My Mommy owned a Pomeranian when she was first married! They make wonderful, loyal companions! What I don't understand, though, is why Zuri's tail doesn't curl over her back. Both Pomeranians and Shi Tsus carry their tails that way!
Honestly, we don't get it either.
Mom is thinking she's going to get a kit from the USA company and see what their results are. Then she'll let the two companies battle it out.
Maybe she should call Channel Five on Your Side and see if they want to be in on it.
Mom did this primarily for genetic predispositions for disease and stuff.
None of us really care what she is. We know she is a handful, adorable, head strong and funny, especially when she runs into the dog door when the cover is on it - she just did that ten minutes ago and we all BOLBOLBOL'd at her.
I think maybe try another test kit from a different company. What does the vet think she is? I still say she has to be part of the Bichon Master family or even poodle. I do not see Schnauzer or Pommie at all. She is adorable whatever she turns out to be, but I do know these DNA tests can turn out pretty wacky.
What I heard is that there's different levels of DNA. I met a poodle-looking mix and she was actually Level 5 Dalmatian! Some dogs may look small but might have giant breeds in them! So Zuri might me those mixes! Here are what those levels mean:
This category will only report when a dog's DNA contains a
majority of a specific breed (75% or greater). Most mixed breed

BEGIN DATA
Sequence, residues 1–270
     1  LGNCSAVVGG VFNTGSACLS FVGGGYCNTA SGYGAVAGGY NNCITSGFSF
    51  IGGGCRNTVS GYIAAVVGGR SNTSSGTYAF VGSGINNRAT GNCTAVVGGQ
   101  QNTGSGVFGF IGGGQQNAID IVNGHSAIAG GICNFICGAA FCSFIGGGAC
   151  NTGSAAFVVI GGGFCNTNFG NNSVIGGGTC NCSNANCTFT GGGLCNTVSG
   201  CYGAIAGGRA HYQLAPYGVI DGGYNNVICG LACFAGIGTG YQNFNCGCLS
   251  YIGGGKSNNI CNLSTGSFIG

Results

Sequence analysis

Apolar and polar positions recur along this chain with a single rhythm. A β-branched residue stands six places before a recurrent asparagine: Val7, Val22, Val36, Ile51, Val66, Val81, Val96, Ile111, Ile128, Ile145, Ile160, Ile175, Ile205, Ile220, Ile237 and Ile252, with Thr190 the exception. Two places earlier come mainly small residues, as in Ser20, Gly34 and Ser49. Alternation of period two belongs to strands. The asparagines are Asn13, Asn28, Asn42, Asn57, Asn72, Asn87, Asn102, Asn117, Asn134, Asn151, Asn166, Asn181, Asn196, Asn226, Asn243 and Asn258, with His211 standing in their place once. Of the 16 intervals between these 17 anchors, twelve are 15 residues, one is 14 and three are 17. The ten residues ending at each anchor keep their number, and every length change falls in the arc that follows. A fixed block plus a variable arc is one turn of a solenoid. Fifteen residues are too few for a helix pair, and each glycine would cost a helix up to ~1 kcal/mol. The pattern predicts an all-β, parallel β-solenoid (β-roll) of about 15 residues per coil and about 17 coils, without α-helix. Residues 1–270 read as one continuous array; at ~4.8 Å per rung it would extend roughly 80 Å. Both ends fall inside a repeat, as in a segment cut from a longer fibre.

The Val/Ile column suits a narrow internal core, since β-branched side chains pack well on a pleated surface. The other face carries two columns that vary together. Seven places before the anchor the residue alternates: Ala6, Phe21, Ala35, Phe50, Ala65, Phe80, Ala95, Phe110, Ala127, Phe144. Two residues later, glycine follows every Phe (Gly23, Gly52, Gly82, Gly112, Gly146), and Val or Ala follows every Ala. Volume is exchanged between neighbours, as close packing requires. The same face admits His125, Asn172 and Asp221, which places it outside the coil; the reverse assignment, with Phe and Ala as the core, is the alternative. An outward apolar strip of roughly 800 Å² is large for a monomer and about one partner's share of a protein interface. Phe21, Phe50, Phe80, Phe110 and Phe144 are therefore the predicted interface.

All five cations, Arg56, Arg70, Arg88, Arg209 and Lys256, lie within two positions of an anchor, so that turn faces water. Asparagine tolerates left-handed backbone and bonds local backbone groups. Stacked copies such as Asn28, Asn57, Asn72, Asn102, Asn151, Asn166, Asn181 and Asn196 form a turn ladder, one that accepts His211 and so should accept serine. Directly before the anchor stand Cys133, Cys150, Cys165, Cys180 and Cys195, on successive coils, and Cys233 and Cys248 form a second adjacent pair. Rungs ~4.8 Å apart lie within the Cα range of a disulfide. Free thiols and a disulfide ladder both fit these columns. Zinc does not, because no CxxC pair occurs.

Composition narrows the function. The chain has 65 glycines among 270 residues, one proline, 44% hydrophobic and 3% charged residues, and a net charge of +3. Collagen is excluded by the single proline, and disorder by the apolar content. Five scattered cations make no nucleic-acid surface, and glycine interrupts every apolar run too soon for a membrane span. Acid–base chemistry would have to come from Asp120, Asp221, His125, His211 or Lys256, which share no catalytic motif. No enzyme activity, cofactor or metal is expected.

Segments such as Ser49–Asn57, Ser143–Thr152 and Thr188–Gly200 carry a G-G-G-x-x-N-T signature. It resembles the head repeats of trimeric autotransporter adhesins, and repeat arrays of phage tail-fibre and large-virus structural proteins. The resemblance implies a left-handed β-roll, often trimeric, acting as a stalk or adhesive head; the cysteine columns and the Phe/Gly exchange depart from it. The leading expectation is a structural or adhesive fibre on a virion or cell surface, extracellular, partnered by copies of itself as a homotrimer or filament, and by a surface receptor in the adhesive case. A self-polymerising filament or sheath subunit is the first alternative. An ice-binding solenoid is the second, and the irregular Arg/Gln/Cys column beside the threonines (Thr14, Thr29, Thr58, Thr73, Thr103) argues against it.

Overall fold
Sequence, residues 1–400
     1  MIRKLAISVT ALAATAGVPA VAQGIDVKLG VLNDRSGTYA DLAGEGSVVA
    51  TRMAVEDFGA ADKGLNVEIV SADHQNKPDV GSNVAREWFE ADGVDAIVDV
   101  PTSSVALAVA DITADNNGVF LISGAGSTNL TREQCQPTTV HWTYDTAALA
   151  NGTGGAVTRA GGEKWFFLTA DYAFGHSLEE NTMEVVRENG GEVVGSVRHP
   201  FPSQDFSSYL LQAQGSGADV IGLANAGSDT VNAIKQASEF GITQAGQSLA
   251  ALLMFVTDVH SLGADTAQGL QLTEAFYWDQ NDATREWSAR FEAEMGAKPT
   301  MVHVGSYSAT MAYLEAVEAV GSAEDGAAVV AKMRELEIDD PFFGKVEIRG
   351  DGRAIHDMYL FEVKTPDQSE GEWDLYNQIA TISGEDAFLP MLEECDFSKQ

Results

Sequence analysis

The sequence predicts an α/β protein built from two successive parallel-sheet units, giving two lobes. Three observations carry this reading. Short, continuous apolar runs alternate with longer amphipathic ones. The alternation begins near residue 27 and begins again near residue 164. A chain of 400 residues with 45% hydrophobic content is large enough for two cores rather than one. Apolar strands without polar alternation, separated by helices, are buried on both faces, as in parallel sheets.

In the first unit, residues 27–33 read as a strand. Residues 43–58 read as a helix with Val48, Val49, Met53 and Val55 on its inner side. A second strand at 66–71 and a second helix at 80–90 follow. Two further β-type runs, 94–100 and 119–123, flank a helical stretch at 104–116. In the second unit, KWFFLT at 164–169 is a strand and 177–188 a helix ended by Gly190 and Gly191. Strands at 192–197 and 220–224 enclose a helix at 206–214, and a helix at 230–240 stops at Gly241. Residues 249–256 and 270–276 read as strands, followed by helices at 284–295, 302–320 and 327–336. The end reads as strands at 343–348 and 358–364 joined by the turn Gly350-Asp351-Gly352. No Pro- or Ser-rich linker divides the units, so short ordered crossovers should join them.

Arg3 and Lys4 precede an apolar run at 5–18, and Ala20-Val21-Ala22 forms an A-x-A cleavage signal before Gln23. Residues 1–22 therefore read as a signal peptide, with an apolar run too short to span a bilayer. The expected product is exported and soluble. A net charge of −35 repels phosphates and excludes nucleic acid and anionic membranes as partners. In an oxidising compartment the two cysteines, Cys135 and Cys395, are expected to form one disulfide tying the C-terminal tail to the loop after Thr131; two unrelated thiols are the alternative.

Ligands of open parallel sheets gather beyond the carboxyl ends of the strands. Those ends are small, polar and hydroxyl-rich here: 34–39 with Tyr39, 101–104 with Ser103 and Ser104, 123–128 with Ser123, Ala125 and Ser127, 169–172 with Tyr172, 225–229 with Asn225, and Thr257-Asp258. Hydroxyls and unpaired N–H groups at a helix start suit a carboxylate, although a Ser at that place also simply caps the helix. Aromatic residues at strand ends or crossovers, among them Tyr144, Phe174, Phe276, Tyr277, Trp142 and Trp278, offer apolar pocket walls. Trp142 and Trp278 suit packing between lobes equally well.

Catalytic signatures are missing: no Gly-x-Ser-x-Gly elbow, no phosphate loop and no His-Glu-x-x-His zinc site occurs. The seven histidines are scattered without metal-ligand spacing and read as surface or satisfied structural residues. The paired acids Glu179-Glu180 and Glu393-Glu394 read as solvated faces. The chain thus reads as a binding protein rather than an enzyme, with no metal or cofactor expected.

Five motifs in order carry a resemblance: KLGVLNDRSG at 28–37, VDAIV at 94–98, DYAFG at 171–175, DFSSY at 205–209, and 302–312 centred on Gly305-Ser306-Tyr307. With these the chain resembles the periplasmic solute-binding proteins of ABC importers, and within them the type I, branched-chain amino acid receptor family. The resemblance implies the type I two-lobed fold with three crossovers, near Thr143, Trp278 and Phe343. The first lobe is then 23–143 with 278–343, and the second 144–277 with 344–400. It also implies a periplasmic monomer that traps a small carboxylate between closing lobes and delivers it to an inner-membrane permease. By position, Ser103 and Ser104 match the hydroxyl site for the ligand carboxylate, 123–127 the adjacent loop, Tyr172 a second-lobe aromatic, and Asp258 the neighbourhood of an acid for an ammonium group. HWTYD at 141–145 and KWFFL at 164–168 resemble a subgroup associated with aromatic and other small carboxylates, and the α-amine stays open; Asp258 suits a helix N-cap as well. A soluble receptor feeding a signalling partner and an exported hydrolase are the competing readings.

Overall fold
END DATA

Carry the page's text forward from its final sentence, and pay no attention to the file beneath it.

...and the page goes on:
dogs will not usually have a breed in this category unless one or
both of their parents are purebred.
This category reports breeds that are easily recognizable within
your dog. While these breeds may have a strong influence on your
dog, each breed listed makes up less than the majority of your
dog's DNA, between 37%-74%. This can mean that one of the
parents was a purebred.
This category identifies breeds that have between 20%-36% of the
listed breed(s). Although still recognizable, a breed at this level
indicates a mix and is often carried down from the parents of your
This category represents 10%-20% of the breed DNA, usually
carried over from previous generations in your dog’s ancestry.
Although it is a smaller representation of your dog’s DNA make-up
it is often still recognizable.
This level represents the lowest level of breed found in your dog,
occurring at 9% or less. Although not always physically apparent,
it still appears at a low and measurable amount in your dog's DNA